Why third place matters: Invictus Gaming vs Snake

by Kelsey Moser Apr 24 2015
Thumbnail image courtesy of LPL / LPL screengrab

Given how the points system works for the World Championship qualification at the end of 2015 LPL Summer, the difference in placing third or fourth is pretty negligible. The quarterfinalists received 50 points, the fourth place team will receive 80 points, the third place team will receive 100 points, second place grabs 200, and first gets 300. There is the least incremental incentive for placing third over fourth place.

Both Invictus Gaming and Snake went 0-3 in their semifinals matches against Edward Gaming and LGD Gaming. In iG's case, it seemed almost as if they just gave up halfway through Game 2 after Clearlove got a quick succession of ganks. Snake had every obvious weakness in their strategy exploited by LGD until they were left clinging to the husk of their top laner.

Third place matters because of the way the quarterfinals played out. Vici Gaming misplayed their preferred compositions, and nearly fell over due to the discrepancy in the mid lane. Snake and King's war of attrition lasted five games and played out like an illogical blood bath, but with King's champion select eliminating all wave clear, Snake's victory was still a foregone conclusion. IG and Snake seemingly placed top four for free and failed to make waves after that.

The only chance they have of wowing an audience now is in vying for third place. This third place match is our chance to see how much pride matters in the LPL, or if LGD and Edward Gaming won because iG and Snake were never going to hack it.

Snake's sendoff

Snake wasn't supposed to be good, at least not by my expectations. During the offseason, they showed synergy growing pains, and their Korean imports didn't measure up to the power pickups on other teams like Edward Gaming or LGD.

When it gets down to it, they still aren't cutting it. Their playstyle is one dimensional. They can't figure out how to play lane swaps without sending their top laner far behind. Invictus was the first team to punish their protect-the-Kog'Maw composition by picking Vayne and multiple lockdowns.

Snake's AD Carry, kRYST4L, is the center of Snake's compositions, but camping his lane isn't the easiest way to dismantle them. Snake's first contingency is their powerful front line. Debilitating Flandre in either a 1v1 or a lane swap is how most teams have started to whittle down Snake. Without a powerful front line to protect him, kRYST4L's over-extensions and mis-positioning are far easier to punish. A lot of this matchup will hinge on iG getting the lane swap and Zzitai getting ahead of Flandre.

BAKA has been discussed surprisingly little among Snake's players. He's likely the weakest member of the team, but he's also the safest. His champion pool, though small, allows Snake to stall out games. If Xerath is banned, he'll likely go for the Lulu. If iG ban both, we might see him pulling out Ziggs, which has cropped up internationally. Ziggs used to be BAKA's LSPL power pick.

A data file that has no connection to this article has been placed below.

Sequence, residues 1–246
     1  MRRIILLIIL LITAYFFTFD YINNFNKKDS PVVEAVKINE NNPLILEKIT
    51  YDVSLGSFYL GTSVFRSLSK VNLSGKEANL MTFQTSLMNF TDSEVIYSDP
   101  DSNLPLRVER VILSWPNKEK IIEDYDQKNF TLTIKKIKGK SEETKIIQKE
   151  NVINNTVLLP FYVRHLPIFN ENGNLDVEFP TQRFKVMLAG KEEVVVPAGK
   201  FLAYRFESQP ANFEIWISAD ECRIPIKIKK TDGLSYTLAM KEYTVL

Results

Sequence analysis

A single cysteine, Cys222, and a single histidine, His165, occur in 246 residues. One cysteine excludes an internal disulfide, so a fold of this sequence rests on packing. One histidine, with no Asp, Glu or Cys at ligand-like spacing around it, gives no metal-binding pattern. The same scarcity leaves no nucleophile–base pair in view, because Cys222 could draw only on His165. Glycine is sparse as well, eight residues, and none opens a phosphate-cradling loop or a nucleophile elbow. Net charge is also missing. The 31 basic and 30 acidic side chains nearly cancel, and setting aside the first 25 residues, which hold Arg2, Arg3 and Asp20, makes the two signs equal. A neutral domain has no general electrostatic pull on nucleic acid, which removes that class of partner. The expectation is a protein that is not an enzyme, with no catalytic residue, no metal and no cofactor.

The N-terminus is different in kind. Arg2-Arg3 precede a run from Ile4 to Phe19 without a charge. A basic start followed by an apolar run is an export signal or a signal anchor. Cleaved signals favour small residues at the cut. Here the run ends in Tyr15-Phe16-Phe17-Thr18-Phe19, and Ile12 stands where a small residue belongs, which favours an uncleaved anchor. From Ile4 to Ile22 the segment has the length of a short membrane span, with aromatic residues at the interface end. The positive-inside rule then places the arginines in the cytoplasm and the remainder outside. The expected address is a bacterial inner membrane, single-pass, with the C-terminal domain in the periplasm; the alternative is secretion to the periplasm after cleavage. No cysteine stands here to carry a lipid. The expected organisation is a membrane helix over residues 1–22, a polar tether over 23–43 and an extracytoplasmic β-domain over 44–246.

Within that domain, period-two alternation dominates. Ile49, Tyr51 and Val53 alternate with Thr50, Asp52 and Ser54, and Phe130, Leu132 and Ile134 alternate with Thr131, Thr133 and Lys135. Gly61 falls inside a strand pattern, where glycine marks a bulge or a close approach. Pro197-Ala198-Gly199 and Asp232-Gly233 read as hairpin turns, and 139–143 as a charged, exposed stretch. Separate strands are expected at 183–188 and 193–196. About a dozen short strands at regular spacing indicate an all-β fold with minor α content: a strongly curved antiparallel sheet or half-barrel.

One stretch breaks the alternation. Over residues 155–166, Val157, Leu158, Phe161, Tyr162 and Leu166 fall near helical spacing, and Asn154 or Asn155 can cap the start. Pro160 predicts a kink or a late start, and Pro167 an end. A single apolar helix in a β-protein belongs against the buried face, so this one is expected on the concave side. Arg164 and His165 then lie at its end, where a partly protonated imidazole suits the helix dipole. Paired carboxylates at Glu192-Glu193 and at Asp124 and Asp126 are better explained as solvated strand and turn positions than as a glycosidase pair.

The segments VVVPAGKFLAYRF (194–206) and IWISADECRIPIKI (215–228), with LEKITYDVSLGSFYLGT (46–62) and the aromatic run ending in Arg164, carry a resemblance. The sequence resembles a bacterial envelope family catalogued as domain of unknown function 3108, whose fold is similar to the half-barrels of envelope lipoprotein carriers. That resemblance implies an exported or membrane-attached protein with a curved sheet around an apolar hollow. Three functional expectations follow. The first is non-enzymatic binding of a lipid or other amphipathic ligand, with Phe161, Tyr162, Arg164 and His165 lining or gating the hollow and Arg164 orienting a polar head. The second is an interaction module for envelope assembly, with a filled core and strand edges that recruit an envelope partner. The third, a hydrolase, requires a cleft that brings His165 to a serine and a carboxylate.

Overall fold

One of Snake's biggest pain points lately has been vision control. While Beast and Ella usually work in tandem to spread wards, Snake has been laying out vision less and less. It's unclear why this would happen since the meta seems to favor more farm heavy junglers that prefer warding to ganking frequently. If Snake wants a chance against iG's powerful jungler, KaKAO, they'll want to correct this lapse.

Invictus' second chance

As Flandre is the key to Snake's success, Invictus' power hinges on Rookie. Since BAKA does tend to favor safe mid laners, he'll be harder to punish than Hetong in the quarterfinals (that isn't saying much). It's likely both sides will focus a lot of mid lane bans: on BAKA to punish his champion pool, and on Rookie to keep Azir and Ahri out of his clutches.

Kid and even, on a couple of occasions, Zzitai have had carry performances, but usually only when Rookie is also ahead. It's extremely rare that Rookie doesn't find a lane lead. The recent three losses to Edward Gaming stand out as one of the only times when Rookie hasn't been ahead. His general consistency pegs him as the best mid laner in LPL still, despite his faltering. Clearlove knew to target Rookie to bring iG down, and the heavy camp brought the team to their knees.

In general, Invictus tends to be susceptible to camping. KaKAO favors purchasing damage over wards. This could be his one pain point in the current meta. Otherwise, he has adapted better than the other carry junglers in LPL. On the new patches, KaKAO can play Gragas or Nunu with ease and still function as one of his team's main threats. Last week, he looked like the best jungler in LPL on the new patch next to Spirit who wasn't playing meta picks and Clearlove and DanDy who were hit-or-miss on selections like Nunu and Gragas.

While Rookie and KaKAO are usually primed to get massive leads in a game, Zzitai and Kid and Kitties will go even. Zzitai's ability to out-CS has transferred well to his top lane role. Kid and Kitties play a patient lane. They can carry when called upon, but usually serve to last hit in team fights or set up zones.

This matchup really comes down to Rookie and Flandre. Whoever can get a larger lead over their opposite will carry the day. Expect iG to look for a lane swap and for KaKAO to camp the mid lane. Snake's reactions to lane swaps have not been strong, and it's rare any lane gets camped but kRYST4L's. Snake needs to adapt to stand a chance.